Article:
Battered by questions during his daily briefing to find out whether the US president made a “bad deal” as the Republican opposition claims, White House spokeswoman Karine Jean-Pierre was unmoved. The 80-year-old Democrat did not take his decision “lightly,” he vowed, and remains “vigilant” after the release of the man nicknamed the “Merchant of Death.”
Acknowledging that the prisoner exchange “can immediately feel unfair or arbitrary,” he explained: “The president (Biden) felt he had a moral obligation. (…) It wasn’t Britney or anybody. We won. I apologize for that.”
“I honestly think that Victor Bott has spent enough time in prison for the crimes he committed,” Judge Shira Sheindlin, who handed down his sentence, told AFP. Arrested in Thailand in 2008, he was sentenced to 25 years in the United States, half of which he would have served.
“He is not a terrorist. He is an arms dealer. There are arms dealers everywhere, including the US and France,” he added.
That’s not the view of many long-term members of the Republican Party, starting with former President Donald Trump, who denounced his truth on social media as a “one-way market,” “stupid” and “embarrassing.” People like Republican congressman Nicole Malliotakis, above all, insist that the deal will not resolve the fate of another American detained in Russia for four years, ex-soldier Paul Whelan: “An American + Marine + has been left behind in another bad deal made by Biden,” she said.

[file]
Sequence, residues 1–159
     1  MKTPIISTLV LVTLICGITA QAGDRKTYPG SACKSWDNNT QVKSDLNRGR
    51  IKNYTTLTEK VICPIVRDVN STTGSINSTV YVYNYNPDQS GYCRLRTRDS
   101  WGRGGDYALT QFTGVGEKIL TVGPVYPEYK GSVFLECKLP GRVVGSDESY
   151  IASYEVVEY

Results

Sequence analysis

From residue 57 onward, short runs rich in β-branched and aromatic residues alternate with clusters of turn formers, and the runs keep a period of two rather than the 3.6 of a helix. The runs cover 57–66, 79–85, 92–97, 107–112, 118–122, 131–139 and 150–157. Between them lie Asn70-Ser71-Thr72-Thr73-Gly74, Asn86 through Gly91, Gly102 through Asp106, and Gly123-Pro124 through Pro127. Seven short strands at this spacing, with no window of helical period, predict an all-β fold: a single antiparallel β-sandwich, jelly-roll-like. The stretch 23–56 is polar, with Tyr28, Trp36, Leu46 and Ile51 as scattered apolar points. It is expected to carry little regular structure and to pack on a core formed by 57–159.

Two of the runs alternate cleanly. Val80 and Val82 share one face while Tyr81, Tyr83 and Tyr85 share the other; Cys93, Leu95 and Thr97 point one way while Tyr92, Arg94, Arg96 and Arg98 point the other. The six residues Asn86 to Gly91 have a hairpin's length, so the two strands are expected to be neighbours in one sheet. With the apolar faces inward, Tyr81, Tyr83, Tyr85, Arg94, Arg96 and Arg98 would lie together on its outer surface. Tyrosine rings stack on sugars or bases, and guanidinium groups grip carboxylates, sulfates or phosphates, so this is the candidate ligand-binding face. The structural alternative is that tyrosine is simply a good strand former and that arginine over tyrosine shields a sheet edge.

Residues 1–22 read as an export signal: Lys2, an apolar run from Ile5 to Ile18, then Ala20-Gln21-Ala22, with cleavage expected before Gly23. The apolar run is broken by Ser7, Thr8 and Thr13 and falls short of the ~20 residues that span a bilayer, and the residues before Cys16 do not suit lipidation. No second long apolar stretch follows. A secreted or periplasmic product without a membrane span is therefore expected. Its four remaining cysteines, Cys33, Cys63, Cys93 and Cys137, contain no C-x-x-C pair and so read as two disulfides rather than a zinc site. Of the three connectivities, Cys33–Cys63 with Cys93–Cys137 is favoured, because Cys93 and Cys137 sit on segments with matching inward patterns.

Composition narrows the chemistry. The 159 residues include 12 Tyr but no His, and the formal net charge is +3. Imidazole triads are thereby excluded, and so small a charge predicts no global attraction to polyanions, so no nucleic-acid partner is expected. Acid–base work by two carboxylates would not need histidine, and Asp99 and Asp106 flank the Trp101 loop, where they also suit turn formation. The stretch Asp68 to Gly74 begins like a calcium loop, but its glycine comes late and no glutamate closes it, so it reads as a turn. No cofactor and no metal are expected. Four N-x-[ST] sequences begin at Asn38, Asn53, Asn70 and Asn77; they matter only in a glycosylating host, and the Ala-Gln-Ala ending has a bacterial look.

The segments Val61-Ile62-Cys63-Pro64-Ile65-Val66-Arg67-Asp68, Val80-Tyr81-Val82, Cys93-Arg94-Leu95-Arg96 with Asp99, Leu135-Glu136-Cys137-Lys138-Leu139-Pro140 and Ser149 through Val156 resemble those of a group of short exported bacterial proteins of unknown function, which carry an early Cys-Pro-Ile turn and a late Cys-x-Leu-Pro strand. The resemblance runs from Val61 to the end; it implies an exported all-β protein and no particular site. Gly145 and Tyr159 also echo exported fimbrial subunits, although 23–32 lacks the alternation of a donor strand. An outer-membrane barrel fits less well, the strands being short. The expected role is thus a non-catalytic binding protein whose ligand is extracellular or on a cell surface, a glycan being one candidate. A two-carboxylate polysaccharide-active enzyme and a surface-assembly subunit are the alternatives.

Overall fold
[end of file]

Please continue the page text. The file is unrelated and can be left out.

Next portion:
The head of US diplomacy, Anthony Blinken, insisted to Paul Whelan that Russia wanted to handle the two cases differently because of the “false accusations of intelligence” that Moscow had leveled against him. After all, according to Judge Shira Scheindl, who called for his release: “I don’t know if he did what (the Russians) say, but if he really was a spy, you’d have a spy against you. An arms dealer, it seems a little more relevant,” she said.
For Will Pomeranz, director of the Kennan Institute at the Wilson Center, the case of the former US soldier sentenced to 16 years in prison in 2020 will be difficult to solve: Russia’s “best chance” to get out “should be part of the exchange with Brittney Griner”, whose case has provoked a strong mobilization, especially in the world of women’s basketball.
The athlete was arrested in Moscow in February with a vaporizer and liquid containing cannabis, a substance banned in Russia. In August, she was sentenced to nine years in prison.
Will Pomeranz reports that Russian President Vladimir Putin is “in a strong position” in the face of Joe Biden’s highly personal and media-driven push for Britney Kreiner’s release.
The United States, like other democracies, has sometimes seen prisoner exchanges as disproportionate, but its governments feel they meet the strong expectations of public opinion.
In 2011, Israel released more than 1,000 prisoners in exchange for a soldier named Gilad Shalit.
As for Britney Greiner, the strongest criticism has been concentrated in the conservative camp, at least in the first hour of the announcement.
Is it a reference to public opinion? Micah Parsons, an American football player, apologized on Twitter for a message in which he was outraged that the US had “abandoned a fleet”.
Facing an onslaught of criticism, the 32-year-old double Olympic champion retracted her comments saying she was “very happy” with the release.
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